The "Perfect" Bet
 

Regardless of other considerations, with less than thirteen cards, a player should avoid the tie, if three or more single cards of a positive value (other than a 10 or a face-card) are present. So, for example, eight lOs, one Ace, one 2, one 7, or one 9 is an unfavorable tie wager. Single cards are helpful to the tie bet only when there are two whose combined value is 10, e.g., one 6 remains and one 4 remains, and there are a disproportionate number of l0s remaining.

I have found Caro's suggestions a useful guideline. In addition, a player should always assume a tie advantage if.

1. All the cards in the deck are even.
2. There are no more than three cards of a particular value remaining in the deck, e.g., only 3s, 5s, and lOs remain to be dealt.
3. There are two 7s remaining with less than ten cards left.
4. There are two 7s and two 6s with less than twelve cards left.

There are other peculiar deck subsets which exhibit a positive expectation for the t:e for no apparent reason. For example, when every card value has precisely two cards remaining (i.e., two 10s, two 9s, two 8s, etc.), the tie has a slight edge. To track all the myriad situations is clearly not possible, but by following these recommendations you may be able to capture the lion's share of expected value.

The full strategy for determining favorable tie situations is beyond the scope of this site. Nevertheless, you have the most vital elements of the strategy already.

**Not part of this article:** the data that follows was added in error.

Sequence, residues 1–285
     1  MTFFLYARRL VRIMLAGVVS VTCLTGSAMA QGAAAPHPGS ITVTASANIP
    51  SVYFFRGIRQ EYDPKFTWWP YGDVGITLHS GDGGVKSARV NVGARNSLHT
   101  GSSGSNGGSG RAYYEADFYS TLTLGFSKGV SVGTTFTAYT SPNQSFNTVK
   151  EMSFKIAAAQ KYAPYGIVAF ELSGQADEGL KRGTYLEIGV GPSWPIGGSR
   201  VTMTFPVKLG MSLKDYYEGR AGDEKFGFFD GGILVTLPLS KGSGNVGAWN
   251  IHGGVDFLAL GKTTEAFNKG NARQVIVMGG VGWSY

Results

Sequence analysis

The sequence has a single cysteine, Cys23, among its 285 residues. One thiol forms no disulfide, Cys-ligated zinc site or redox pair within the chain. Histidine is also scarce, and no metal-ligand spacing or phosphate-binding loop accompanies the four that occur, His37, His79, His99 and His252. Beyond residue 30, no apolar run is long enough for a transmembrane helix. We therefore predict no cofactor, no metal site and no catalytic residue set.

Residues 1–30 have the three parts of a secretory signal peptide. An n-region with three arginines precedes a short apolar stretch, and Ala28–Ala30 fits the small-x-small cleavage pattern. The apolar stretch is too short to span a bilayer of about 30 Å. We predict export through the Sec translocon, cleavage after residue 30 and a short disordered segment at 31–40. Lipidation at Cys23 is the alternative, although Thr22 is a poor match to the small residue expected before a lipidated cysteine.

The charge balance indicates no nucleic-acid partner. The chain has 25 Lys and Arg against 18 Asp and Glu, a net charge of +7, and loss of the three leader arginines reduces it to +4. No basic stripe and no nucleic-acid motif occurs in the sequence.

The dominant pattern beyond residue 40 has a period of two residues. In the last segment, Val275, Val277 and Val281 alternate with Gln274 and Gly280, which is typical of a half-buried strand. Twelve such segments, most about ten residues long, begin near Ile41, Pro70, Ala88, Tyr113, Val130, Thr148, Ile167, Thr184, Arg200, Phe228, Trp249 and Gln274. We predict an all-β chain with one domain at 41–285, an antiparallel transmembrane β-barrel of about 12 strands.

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A Parting Shot on Omaha-8
 
Starting hand criteria in O,naha-8 are based less cm absolute hand strength than on avoiding traps into losing draws. It is chasing these losing draws, not calling with bad starters, that costs Omaha-8 players the most money. If you have a (rood understanding of the strengths and vulnerabilities of hands after the flop and you have the discipline to drop draws that you know are unwise, seeing the flop for one low bet can be a great value with a lot more hands than standard guidance allows you to call with.

Under these circumstances, I stick pretty close to the low hand criteria, but I will loosen up a good bit by play4ng any hand containing a single t«70-card combination that could plausibly make a nut high. A suited ace, two cards above ten, AA, or KK are good enough. With fewer options than the better starting hands provide, I might not have good chances of flopping a nut draw-the pocket pairs in particular are long shots, because they must hit a set-and I flop multiple draws less often. I go a long time between pots. But when the flop hits me, I tend to get a lot of action from opponents drawing to the second- or third-nut who will pay me off with lower flushes, straights, sets, or, best of all, full houses.
 
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